THE BLOG

Déjà Vu in Dallas as the Goverment Retries My Father

10/23/2008 05:12 am ET | Updated May 25, 2011
  • Noor Elashi Noor Elashi is a writer based in New York City. She has written for McSweeney’s, The Huffington Post and other publications. With a Creative Writing MFA from The New School, Noor is currently writing a memoir chronicling her father’s decade-long prosecution. To learn more about her father’s case, visit www.freedomtogive.com

Today, a cloud of déjà vu is hovering over a federal courthouse in downtown Dallas, Texas. Prosecutors will begin retrying my father and four other associates of the Holy Land Foundation (HLF), which was the largest American Muslim charity until the Bush administration shut it down in December 2001.

Labeled as the most extensive terror-funding case in U.S. history, the HLF trial ended in a mistrial in October 2007 with no guilty convictions. After two months of testimony and 19 days of deliberations, jurors failed to reach a verdict on most of the 197 counts.

"From what I read and what I saw in the facts and what I was presented, the defense didn't even have to stand and say anything because the prosecution failed completely," juror William Neal said in a radio interview days after the mistrial.

Thirteen months later, I walk through the same metal detectors and take the elevators to the same floor in the same courthouse, the Earle Cabell Federal Building, as last year. I watch the same prosecutors argue the same bizarre case: that HLF officials conspired to send money to zakat (charity) committees in the occupied Palestinian territories that were somehow linked to Hamas, even though they showed no link. In fact, the U.S. government continues to work with these same charities today.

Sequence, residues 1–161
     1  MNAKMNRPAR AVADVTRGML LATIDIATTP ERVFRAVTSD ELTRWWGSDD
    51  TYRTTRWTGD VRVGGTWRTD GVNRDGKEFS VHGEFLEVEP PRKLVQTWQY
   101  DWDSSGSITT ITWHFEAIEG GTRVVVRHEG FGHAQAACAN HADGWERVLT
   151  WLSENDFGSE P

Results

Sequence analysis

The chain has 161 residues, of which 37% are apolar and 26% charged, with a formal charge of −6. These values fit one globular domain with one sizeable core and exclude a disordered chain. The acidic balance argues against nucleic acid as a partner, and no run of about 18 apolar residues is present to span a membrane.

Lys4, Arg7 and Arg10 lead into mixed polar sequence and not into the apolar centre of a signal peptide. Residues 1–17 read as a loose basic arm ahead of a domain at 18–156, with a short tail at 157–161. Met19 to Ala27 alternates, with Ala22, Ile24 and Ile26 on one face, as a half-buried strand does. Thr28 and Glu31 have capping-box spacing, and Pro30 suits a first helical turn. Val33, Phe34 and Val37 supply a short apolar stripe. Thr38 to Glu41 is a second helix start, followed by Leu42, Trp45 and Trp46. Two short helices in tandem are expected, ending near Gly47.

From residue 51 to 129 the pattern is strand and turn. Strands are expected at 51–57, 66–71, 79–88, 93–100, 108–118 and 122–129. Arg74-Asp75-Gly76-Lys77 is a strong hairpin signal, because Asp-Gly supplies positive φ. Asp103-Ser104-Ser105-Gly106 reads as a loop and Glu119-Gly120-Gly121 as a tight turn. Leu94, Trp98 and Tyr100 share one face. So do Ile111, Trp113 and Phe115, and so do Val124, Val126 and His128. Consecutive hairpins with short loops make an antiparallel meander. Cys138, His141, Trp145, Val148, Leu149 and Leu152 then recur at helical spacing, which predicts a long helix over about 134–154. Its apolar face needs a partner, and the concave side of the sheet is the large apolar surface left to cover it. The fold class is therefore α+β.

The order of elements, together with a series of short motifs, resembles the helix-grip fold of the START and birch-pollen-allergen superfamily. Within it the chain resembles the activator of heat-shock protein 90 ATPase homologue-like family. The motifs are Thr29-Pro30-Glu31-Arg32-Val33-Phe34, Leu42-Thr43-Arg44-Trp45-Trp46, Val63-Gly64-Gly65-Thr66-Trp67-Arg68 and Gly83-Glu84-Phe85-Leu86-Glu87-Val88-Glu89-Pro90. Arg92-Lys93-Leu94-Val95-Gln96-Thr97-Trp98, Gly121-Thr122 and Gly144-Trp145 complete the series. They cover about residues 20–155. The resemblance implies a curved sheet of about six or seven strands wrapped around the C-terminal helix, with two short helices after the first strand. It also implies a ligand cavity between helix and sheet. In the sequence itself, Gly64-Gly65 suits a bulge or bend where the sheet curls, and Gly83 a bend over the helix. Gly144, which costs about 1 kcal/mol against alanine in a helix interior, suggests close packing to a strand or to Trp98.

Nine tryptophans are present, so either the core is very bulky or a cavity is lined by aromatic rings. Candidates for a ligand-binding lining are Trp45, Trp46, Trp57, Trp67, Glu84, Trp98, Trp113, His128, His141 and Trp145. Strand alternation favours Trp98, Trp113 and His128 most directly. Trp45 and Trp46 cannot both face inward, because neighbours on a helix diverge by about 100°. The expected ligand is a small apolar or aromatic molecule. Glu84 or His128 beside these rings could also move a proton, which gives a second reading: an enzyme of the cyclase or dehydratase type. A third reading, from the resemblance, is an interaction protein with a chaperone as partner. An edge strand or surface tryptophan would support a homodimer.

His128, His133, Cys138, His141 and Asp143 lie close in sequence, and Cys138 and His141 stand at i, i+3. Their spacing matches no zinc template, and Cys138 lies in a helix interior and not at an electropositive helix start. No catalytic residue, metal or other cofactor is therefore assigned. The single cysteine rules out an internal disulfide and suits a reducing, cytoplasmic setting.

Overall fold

I turn to the court audience and smile as I see the same diverse group of American professors, students, architects, doctors, nurses, engineers and lawyers standing in solidarity to attest that giving charity to the needy should not be a crime.

My heart fills with pride as I witness the resilience of the same Palestinian-American men -- my father, Ghassan Elashi and his colleagues Shukri Abu-Baker, Mohammad El-Mezain, Abdulrahman Odeh and Mufid Abdulqader -- undergo yet another unjust trial.

During the next several weeks, they will be subjected to the same type of character assassination, litany of lies and innuendo, as the government tries to frighten a jury into reaching a verdict based on guilt by association, a most un-American effort.

Last year, an Israeli Defense Forces agent -- who was never identified -- testified that the HLF was "born by design" as a part of a global network whose "ultimate goal is to teach students how to be suicide bombers." Never mind that the general public was barred from the courtroom when this secret agent was speaking, denying my father his constitutional right to confront his accuser. Since when does giving clothes to infants with no fathers, or donating ambulances to teenagers dispossessed by war and backpacks to children whose parents are unemployed and destitute constitute violence?

In the upcoming weeks, the same group of courageous defense lawyers will once again expose the prosecution's attempt to sell their case by scaring jurors with the ominous-sounding terrorism boogieman.